The trillion dollar Obamacare experiment to reform America’s health system won’t work. But the primary reason why it won’t work is not what you may think.
Although a majority of Americans want nationalized health care repealed, that probably won’t lead to the demise of the law. A July 19 Rasmussen Reports poll found 60 percent of voters want the law overturned. And 61 percent of voters think health costs now will go up, not down. Sixty-two percent thought the federal deficit will increase, with 54 percent believing the law is “bad for the country.” Still, repeal seems unlikely. Congress would need a two-thirds majority to both pass a repeal and then override the presumed veto. Only a new President, friendly to repeal, could kill the law, a Fox News.com story noted.
What about the doctor shortage? “Aging baby boomers will create a growing demand for medical services,” said The Foundry June 18. “Nearly 40 percent of doctors are 55 or older and on the cusp of retirement—and the number of students on track to graduate from medical and nursing schools will not be adequate to replace them.” Obamacare expands health coverage by adding 16 million more people to the Medicaid rolls. Medicaid pays doctors notoriously low reimbursement rates, usually not enough to cover the cost of seeing the patients.
But Department of Health and Human Services Secretary Kathleen Sebelius smilingly says the government is subsidizing an increase in health-care providers: $250 million to train more primary-care doctors by 2015, and new physician’s assistants, and nurses, even though that will still fall short of needs.
What about the states that have sued the federal government to repeal Obamacare? Some have argued that a state can “nullify” a federal law believed to be unconstitutional. This was a principle propounded by Thomas Jefferson and James Madison. When a state proclaims that such a federal law is void, then it is not a law within that state. State attorneys general have pointed out that the added millions eligible for Medicaid will swamp state budgets. States pay nearly half the costs of Medicaid. A March 23 Bloomberg article said Medicaid makes up about 15 percent of total national health care expenditures. As Attorney General Bill McCollum of Florida has declared, the law is an “encroachment on the sovereignty of states.” States also have challenged the right of the government to impose a mandate requiring individuals to buy health insurance. The White House argued at first that Congress had the “inherent authority to mandate coverage under the commerce clause,” which allows the federal government to regulate interstate commerce.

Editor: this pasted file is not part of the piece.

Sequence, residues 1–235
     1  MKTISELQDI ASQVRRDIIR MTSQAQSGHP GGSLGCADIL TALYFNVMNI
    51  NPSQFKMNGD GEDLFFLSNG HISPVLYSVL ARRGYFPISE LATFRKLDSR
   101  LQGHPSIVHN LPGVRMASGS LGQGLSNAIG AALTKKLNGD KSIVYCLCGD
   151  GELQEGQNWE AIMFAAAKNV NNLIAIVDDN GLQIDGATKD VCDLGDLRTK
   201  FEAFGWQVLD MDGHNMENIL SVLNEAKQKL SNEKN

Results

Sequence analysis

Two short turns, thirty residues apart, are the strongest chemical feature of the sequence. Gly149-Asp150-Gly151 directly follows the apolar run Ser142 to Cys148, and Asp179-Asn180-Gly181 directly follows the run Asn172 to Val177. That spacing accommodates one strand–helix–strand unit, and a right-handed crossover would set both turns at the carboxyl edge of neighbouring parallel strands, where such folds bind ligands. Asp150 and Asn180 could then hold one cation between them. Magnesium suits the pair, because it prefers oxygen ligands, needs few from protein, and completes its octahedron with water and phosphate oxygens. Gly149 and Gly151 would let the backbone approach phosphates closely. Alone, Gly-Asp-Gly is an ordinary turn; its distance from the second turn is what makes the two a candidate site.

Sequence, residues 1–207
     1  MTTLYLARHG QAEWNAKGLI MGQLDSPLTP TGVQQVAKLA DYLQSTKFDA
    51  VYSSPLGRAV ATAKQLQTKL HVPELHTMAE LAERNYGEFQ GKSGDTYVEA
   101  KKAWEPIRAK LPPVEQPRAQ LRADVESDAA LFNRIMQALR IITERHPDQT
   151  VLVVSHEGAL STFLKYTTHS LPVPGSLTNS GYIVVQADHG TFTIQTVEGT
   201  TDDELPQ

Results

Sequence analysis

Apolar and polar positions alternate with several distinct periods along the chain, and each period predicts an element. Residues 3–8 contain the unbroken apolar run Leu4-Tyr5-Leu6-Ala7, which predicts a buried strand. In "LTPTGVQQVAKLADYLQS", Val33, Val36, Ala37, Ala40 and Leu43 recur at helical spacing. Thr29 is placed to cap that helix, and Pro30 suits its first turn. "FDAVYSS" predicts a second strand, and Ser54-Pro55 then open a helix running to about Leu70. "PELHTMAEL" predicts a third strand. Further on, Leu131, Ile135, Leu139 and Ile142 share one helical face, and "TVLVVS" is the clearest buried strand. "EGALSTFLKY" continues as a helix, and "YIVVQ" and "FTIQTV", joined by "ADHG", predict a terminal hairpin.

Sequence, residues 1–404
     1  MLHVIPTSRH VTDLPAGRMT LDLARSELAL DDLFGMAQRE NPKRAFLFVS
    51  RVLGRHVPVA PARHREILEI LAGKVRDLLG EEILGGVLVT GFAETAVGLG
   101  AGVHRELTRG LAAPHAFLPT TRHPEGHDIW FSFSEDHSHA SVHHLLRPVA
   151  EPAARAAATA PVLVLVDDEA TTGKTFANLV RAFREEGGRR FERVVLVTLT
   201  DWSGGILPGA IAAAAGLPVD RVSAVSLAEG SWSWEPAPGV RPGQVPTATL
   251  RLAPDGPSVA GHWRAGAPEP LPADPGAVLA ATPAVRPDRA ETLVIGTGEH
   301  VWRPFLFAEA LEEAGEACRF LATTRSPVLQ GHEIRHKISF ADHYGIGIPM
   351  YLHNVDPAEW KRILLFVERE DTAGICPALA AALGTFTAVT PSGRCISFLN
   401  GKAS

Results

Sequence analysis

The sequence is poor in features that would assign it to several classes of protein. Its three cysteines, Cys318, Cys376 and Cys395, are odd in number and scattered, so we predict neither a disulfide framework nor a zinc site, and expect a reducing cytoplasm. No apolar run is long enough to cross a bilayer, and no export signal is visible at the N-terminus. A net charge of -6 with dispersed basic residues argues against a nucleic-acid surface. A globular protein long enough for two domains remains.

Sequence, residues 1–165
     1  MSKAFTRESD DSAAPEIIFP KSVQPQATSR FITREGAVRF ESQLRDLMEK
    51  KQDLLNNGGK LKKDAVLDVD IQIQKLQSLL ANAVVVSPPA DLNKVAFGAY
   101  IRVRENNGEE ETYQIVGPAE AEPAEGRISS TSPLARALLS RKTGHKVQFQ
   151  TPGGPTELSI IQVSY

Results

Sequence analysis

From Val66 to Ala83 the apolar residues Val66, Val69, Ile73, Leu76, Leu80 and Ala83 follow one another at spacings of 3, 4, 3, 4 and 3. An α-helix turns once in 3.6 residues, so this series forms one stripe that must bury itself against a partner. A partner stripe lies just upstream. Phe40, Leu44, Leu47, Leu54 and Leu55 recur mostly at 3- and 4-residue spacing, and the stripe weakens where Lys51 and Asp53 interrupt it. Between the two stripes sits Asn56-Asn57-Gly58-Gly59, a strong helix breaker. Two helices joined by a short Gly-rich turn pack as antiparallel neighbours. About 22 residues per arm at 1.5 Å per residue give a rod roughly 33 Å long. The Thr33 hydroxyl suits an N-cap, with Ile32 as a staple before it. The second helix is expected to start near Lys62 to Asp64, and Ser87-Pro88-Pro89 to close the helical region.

But to guard the health law against that contention, the Obama Administration was forced to pull another rabbit out of its hatful of tricks. It changed its original concept of the health law provision making people buy insurance by redefining it, instead, as a tax. The Justice Department moved to dismiss a Florida suit against the law, arguing that courts can’t interfere with the government’s ability to collect taxes, The American Spectator reported July 17. But some argue a tax can only be paid to the Treasury, not a private entity. Otherwise it is unconstitutional. But who knows what the Supreme Court would decide on such an issue?
There may well be many sound reasons why in the real world Obamacare won’t work. But probably the most persuasive one is—to use a term in the vernacular: the law is bass-ackwards. It has the government, not the consumer, making the decisions. A persuasive study, released in July by the Galen Institute’s Entitlement Reform Project, concluded that only by giving beneficiaries their choices can this lead to “the revolutionary and cost-cutting changes the government has never been able to successfully impose by regulatory fiat.” The Institute is a nonprofit research organization devoted to advancing free-market ideas in health policy.
The 21-page study stated that the “more promising approach for addressing the significant challenges we face is a completely new relationship between the government and the beneficiaries of its programs. What is particularly significant is that putting the consumer in control in health matters already has been shown to work. It has worked since the prescription drug program of Medicare went into effect in 2006. Consumers were given control to make their own choices.
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